Connecticut's Download Speeds Second Highest in the Country

By Rory Lidstone February 03, 2016

Faster internet is a common desire of just about every regular internet user in the United States. After all, even though one gigabit speeds are common throughout the world, they are less so for commercial U.S. residents. However, thanks to the efforts of Google Fiber in recent years, average internet speeds in the country have been slowly rising.

Although the U.S. is a long way off from gigabit connectivity in every home, a new report from the Federal Communications Commission (FCC) shows that broadband connectivity is much more common, at the very least. In particular, the report states that Connecticut has the second highest internet download speeds in the country.

The FCC defines broadband internet speeds as 25 Mbps or higher.

“Broadband is a natural asset for our state and something I look forward to promoting through policies that encourage continued private sector investment and job growth that further separate Connecticut from the pack in the global economy,” State Senate Majority Leader Bob Duff (D-Norwalk) told TheHour.com. “As we begin 2016, the state of our competitive broadband advantage remains strong for our residents, businesses and economy.”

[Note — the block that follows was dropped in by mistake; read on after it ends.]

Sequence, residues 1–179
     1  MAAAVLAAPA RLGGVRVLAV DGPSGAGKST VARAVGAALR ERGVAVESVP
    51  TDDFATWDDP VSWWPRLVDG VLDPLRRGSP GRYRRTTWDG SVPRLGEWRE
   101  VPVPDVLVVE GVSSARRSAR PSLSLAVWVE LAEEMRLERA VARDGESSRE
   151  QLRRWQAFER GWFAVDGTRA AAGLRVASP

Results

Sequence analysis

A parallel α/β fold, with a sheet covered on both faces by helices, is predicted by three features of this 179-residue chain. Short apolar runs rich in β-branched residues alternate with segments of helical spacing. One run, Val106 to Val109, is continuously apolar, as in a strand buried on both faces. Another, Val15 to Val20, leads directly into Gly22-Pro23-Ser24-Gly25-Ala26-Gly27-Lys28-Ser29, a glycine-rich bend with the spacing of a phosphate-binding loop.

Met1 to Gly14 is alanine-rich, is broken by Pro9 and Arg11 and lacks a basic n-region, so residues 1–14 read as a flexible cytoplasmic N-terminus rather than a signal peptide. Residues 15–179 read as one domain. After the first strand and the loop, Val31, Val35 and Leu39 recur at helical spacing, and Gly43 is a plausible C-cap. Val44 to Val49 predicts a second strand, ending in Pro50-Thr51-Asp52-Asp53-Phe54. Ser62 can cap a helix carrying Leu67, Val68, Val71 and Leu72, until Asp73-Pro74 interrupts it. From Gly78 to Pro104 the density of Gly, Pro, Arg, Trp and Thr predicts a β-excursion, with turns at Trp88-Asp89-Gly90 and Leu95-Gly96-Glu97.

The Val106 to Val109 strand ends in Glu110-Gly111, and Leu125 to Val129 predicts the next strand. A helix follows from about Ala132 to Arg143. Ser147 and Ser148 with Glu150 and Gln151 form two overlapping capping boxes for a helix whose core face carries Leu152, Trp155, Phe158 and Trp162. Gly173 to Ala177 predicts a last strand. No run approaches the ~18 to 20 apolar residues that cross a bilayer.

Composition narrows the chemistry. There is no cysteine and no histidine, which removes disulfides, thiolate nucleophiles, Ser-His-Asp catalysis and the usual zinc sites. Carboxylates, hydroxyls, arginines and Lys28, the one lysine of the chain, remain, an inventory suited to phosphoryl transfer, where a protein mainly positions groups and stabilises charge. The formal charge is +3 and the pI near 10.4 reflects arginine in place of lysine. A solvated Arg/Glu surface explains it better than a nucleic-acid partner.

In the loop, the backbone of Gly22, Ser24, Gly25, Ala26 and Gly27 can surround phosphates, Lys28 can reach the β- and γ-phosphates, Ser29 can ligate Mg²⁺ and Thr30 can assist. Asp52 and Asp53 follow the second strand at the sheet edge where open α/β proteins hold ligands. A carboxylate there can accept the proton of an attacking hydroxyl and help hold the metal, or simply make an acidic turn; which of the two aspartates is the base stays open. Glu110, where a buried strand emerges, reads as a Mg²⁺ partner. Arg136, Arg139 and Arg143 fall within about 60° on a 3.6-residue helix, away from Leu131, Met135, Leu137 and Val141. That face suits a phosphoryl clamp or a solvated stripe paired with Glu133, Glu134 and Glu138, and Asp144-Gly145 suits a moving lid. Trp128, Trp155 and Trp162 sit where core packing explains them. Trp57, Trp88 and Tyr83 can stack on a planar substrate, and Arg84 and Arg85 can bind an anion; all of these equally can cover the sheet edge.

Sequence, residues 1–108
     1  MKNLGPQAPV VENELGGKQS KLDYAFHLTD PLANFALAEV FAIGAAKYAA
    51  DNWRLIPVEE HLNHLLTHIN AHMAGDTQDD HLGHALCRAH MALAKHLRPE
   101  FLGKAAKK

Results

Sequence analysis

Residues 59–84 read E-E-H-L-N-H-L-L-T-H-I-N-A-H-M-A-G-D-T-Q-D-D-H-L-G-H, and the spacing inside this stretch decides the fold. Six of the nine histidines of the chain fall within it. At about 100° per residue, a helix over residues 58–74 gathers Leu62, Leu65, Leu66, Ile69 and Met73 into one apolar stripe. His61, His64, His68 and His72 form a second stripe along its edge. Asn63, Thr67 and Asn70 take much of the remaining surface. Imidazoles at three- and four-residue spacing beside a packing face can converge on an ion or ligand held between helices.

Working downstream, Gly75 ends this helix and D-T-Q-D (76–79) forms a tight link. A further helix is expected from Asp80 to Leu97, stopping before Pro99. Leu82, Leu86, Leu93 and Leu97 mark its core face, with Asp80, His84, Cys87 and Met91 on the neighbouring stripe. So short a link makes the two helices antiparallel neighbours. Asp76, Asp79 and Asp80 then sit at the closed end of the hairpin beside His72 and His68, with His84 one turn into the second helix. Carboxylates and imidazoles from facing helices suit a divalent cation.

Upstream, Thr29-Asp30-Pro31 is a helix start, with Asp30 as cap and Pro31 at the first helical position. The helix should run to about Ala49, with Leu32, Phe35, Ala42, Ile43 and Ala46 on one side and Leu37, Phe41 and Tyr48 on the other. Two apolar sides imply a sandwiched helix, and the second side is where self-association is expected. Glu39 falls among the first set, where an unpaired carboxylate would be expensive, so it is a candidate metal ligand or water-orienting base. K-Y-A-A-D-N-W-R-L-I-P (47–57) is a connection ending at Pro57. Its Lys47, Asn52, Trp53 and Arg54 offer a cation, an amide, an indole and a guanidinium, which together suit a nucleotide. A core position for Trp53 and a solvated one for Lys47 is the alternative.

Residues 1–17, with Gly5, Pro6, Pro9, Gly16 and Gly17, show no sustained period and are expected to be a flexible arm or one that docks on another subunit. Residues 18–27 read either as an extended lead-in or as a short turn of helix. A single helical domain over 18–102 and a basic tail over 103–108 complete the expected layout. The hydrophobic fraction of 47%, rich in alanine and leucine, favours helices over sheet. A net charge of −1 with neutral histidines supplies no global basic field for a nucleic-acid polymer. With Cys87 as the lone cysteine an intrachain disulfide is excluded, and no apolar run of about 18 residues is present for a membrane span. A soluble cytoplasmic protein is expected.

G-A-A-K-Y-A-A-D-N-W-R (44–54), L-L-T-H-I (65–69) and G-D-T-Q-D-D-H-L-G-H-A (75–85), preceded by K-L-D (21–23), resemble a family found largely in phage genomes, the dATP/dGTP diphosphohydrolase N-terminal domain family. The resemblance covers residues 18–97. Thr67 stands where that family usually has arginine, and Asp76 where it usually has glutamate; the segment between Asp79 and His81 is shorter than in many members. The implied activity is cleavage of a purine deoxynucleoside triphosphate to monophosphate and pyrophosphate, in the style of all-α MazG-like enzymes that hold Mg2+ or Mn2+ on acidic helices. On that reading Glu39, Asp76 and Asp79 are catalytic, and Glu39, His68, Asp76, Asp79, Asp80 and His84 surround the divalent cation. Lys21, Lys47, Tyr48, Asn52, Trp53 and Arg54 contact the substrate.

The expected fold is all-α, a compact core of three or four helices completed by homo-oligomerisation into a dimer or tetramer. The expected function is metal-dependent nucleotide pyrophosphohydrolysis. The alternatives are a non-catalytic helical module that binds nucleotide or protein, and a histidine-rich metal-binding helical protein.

The FCC report states that Connecticut had an average download speed of 46.94 Mbps, based on cumulative performance of all internet service providers (ISPs) and technologies in the state in 2013 and 2014. This average speed followed closely behind New Jersey, which held an average download speed of 57.03 Mbps in the same period.

According to Jeff Eydt of TheHour.com, a similar report from content delivery network and cloud service provider Akamai Technologies released last year also put Connecticut in second place in terms of average download speeds during the third quarter of 2014. However, the report found Connecticut lagging behind Delaware rather than New Jersey during the report’s covered period.

Regardless, it’s clear that Connecticut’s broadband scene is healthy, to say the least.




Edited by Kyle Piscioniere

Contributing Writer

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